In the battle of Inkerman and the early affairs of the siege, Sir Colin Campbell touk no part, his command at Balaclava for the tine occupying his full altention. Making reconnaissances and preparing for attacks which rumour declared to be imidinent, although rumour was always proved to be wrong, Sir Colin afterWards passed the dreary winter of 1854 in the miserable place whence the fainine which was destroying the English Army stalked froin confusion on the one hand and quaginires on the other, in all its hideousness. As the spring advanced, he continued to carry out his reconnaissances, often in conjunction with some of the French generals of division ; but all bis watchfulness was not sufficient to catch the wary Russ, whose experiences of the valleys in rear of Balaclava were not so cheering as to cause him to tempt bis fate a second time. And su Sir Colin's lite went on, dull and monotonous, and unrelieved by warlıke exciteinent, until he stole down to the front to witness the assault of the Mainelon, where, placing hinself under fire, he was welcomed with a few rounds of shell and grape.
After the death of Lord Raglan, Campbell was generally looked upon as his inost fitting successor. Few of the first batch of generals—these who commanded in Turkey and the early days of the Crimea—were left with the Army, and of those few it was unquestionable that Cainpbell, as a soldier, was the best. Not only had he often and again proved himself skilful in war, but he had the fullest experience of the war which was then being carried on; yet the great wisdom of the system fuund another candidate and appointed hun. It is said that Campbell acquiesced in the appointment of General Simpson, whose experience of the Crimea was liitle, as he had only lately gone out as chief of the Staff, and whose war experience was nothing. But wheu Simpson, after a brief aud inglorious rule, resigned the command, and Campbell was again passed over to make rooin for the appointment of Sir Williain Codrington, the sense of the indignity under which he suffered, stirred his anger. He requested to be allowed to resign his command and return to England. It was an insult to ask hiin to serve under a general who besides being subordinate to bin in mere war office rank, kuew little of war, and had known nothing previous to his arrival in the Crimea, as a colonel of the Guards suddenly made a najor-general by one of the pieces of good fortune to which Guardsınen are especially liable. The authorities, however, could not afford to lose the services of the man whom they did not scruple to insult, and it is said that the highest authority of the realm made it a personal favour with Sir Colin that he should return to the Criinea and resume his coinwand. Such a request calmed the old soldier's indignation and brouglit bim back to duty. In the meantiine, Sebastopol feli, and its fall being followed by the peace, Campbell's further chances of distinction and recognition were at an end. III fortune seemed to haunt hiin with the most dogged pertinacity. The war in which he commenced his career closed at the very moment when he appeared to have stepped on the high road to fame and left him unrequited; the war in which he seemed to have terminated his career, after forty-eight years of unceasing struggle, collapsed at the very moment when there again appeared a chance of having his great services publicly rewarded. The beginning and end were indeed bitter; but as bitter was the recollection of the many noteworthy steps in his career which connected them.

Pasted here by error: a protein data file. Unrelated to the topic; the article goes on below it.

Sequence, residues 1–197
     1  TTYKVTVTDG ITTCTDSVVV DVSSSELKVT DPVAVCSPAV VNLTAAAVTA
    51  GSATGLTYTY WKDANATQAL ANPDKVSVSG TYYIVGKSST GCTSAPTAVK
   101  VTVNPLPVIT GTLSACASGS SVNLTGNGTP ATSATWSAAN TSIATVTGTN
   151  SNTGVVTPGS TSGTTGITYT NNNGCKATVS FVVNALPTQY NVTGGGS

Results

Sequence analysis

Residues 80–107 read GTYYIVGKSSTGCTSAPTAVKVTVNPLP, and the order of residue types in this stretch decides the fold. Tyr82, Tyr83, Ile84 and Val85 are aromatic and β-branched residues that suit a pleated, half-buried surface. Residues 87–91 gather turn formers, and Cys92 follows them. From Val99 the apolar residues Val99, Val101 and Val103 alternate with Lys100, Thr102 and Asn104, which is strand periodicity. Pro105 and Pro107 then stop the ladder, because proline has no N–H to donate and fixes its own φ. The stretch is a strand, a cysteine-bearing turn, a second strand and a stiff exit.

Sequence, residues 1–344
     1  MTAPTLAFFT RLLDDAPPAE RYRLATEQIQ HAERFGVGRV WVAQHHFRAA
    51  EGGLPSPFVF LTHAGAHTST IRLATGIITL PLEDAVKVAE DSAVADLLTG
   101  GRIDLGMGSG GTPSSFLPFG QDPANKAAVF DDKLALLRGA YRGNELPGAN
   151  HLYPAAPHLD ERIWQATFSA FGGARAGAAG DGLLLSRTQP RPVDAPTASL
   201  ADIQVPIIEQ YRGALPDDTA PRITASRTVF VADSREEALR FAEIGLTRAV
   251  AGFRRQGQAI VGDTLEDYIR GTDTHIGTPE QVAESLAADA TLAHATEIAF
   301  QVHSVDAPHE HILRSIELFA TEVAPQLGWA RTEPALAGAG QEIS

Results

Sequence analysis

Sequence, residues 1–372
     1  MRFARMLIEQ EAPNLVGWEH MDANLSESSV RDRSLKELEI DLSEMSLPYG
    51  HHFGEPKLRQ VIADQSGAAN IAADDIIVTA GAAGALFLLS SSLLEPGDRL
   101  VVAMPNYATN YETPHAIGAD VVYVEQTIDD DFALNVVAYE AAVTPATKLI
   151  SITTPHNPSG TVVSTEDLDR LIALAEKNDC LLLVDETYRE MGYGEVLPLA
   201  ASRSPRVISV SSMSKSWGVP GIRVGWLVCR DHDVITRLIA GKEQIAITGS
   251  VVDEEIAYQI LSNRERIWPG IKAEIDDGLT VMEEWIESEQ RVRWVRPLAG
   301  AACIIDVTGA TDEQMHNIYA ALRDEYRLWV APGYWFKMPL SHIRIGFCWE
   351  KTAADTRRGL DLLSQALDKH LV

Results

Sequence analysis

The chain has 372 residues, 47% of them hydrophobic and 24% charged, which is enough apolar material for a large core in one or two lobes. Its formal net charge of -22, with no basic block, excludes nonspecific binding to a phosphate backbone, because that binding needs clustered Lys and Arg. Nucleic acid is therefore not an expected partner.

(To be continued.)
It may be wise and sound policy to keep secret any arrangements making for the re-organization of our Army; but lookers-on and tax-payers are getting anxious, and in these days of Treaty breaking and secret combinations, few see any advantage in “statu quo," or at the best in “marking time." Whatever consolation may have been derived from ministerial oratory, or confidence given by authoritative dialectics after dinner, yet three facts present themselves, and are as patent to us all as to those loving us so dearly in foreign lands.
First.-That in the autumn of the year 1870, the British Army reduced its offensive and defensive strength by twenty thousand men.
Second. That in the autumn of the year 1870, the consent of Parliament was asked to increase that ariny by twenty thousand men,
Third. That before the new year scarcely two thirds of these twenty thousand new men had been obtained.
There must have been gross blundering somewhere ; both as regards the too hurried disinissal of soldiers, and in the issue of instructions by which these, or at least an equally reliable body of men, might be induced to serve their country. On whom the blame may be fixed, and to what purpose all this was done may be shewn in 1871; for the present we must rest dissatisfied with the knowledge that we have no friends anywhere; have the prospect of a terrir le war with some large Power, such as Russia, America, or even Prussia, and are less prepared than formerly.
The political horizon, during the past two years, more especially during 1870 has been most dark, and so oininous of war that no Ministry were justified' in reducing the offensive or defensive strength of this country, nor in dilly-dallying over the better arınament of its soldiers. Few there were, unless wearing War Office spectacles, who did not foresee that the constant recurrence of squabbles between France and Prussia would lead ultimately to